Thin Lens Calculator
Light passing through a lens undergoes refraction, which means that it changes direction. This happens at each of the two surfaces of the lens.
This tool can be used for "thin lenses"
(ones which lens thickness is much smaller than the distances to the object and to the image). Other requirement is
that the light rays are paraxial
(rays which make a small angle to the optical axis of the system and lies close to the axis throughout the system.)
An object that is located at the focal point will produce an image an infinity. In other words, any ray passing through the focal point, after passing
through the lens will travel parallel to the principal axis (axis perpendicular to the lens). The red points on the ray diagram above are the focal points.
Converging and diverging lenses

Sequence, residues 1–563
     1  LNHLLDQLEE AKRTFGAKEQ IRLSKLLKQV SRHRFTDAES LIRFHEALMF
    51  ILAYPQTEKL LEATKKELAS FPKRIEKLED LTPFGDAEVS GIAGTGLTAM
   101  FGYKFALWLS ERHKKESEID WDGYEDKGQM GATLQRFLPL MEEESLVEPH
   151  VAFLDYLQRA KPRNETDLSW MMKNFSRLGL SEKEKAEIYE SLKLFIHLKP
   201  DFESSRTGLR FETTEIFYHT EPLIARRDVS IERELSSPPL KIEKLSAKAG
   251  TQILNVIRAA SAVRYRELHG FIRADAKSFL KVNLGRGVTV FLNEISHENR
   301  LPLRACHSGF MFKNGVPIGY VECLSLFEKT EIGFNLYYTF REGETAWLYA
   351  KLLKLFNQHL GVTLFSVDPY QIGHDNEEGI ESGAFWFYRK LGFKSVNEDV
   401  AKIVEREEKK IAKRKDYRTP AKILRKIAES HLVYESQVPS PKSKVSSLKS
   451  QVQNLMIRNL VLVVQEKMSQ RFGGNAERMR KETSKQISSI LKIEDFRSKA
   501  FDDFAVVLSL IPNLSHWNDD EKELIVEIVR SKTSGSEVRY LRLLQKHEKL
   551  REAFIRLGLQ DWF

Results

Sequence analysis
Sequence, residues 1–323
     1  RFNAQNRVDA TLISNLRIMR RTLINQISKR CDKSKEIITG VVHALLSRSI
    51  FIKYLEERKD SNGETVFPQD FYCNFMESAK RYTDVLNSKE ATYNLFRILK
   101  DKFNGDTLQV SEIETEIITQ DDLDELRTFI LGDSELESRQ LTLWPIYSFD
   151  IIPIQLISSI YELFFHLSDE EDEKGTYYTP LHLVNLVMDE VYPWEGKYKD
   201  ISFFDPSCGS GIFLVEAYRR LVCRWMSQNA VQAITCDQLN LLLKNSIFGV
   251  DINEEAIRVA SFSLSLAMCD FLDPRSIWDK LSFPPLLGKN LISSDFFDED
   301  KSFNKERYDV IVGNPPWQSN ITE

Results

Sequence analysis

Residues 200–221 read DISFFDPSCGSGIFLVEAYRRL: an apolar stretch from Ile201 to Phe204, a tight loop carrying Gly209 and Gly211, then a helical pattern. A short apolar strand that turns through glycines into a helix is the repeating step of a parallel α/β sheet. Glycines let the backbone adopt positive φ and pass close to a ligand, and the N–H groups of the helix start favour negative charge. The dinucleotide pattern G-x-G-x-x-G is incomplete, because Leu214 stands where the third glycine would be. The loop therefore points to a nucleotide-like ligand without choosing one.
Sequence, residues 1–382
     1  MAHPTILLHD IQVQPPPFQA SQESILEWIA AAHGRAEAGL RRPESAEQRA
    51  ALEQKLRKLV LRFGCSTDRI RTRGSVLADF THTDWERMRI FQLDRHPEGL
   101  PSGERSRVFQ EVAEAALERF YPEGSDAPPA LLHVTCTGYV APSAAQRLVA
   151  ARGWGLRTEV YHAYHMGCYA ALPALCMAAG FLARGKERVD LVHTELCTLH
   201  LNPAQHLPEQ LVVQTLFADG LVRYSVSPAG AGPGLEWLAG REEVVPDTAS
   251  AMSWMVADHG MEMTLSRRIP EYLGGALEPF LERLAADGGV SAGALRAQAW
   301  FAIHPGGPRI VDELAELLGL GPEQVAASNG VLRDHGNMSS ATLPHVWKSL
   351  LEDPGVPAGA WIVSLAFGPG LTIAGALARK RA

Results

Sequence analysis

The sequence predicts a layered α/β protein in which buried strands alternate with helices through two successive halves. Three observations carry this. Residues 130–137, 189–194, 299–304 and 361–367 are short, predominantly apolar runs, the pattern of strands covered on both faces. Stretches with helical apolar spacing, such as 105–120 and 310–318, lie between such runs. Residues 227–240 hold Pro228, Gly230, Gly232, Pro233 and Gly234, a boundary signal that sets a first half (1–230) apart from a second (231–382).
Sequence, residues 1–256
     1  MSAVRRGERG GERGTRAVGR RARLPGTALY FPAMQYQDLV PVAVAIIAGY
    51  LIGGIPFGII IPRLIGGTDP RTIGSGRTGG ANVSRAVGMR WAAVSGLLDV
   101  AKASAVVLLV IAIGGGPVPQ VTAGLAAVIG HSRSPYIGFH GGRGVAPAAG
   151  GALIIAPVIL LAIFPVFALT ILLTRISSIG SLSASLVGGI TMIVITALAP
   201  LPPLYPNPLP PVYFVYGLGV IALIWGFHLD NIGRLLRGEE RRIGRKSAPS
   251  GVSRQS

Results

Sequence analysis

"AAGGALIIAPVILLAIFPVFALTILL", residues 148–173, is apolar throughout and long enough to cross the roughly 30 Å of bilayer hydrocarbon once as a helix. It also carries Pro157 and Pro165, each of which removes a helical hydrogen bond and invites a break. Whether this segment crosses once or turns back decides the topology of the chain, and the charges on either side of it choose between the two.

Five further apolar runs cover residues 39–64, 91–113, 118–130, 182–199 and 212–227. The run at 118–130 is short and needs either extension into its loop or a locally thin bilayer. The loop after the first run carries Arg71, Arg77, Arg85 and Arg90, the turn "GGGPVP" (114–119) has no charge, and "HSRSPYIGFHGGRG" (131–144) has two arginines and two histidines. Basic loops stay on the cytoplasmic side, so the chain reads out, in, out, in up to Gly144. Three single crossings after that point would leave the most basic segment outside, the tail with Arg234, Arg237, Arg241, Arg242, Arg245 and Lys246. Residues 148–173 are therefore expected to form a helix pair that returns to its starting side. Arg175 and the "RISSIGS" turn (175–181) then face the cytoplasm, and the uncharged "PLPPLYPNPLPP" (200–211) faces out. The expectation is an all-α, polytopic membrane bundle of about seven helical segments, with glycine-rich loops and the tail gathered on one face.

A converging lens is one which the rays that enter it parallel to the axis converge toward
the axis after exiting the lens. A diverging lens is one which these rays diverge away from the axis
after exiting it. If the focal length is positive, then the lens is converging. If it is negative, then the lens
Thin Lens Equation
The thin lens equation is:
s :Distance from the object to the lens
s':Distance from the lens to the image
f :Focal length
Real and virtual images
Real images are those where light actually converges, whereas virtual images
are found by tracing real rays that emerge from the lens backward to its apparent origin.
Real images occur when objects are placed outside the focal length of a converging lens (s>f).
If the lens is converging but the distance from the object to the lens is smaller than the focal length, the image will be virtual.
Diverging lenses always produce virtual images.
This calculator shows a ray diagram when the image is real.
The magnification m of an image is the ratio between the image and object height. It can be calculated by the formula:
If the magnification sign is positive, then the image is upright. If the sign is negative, then the image is upside-down.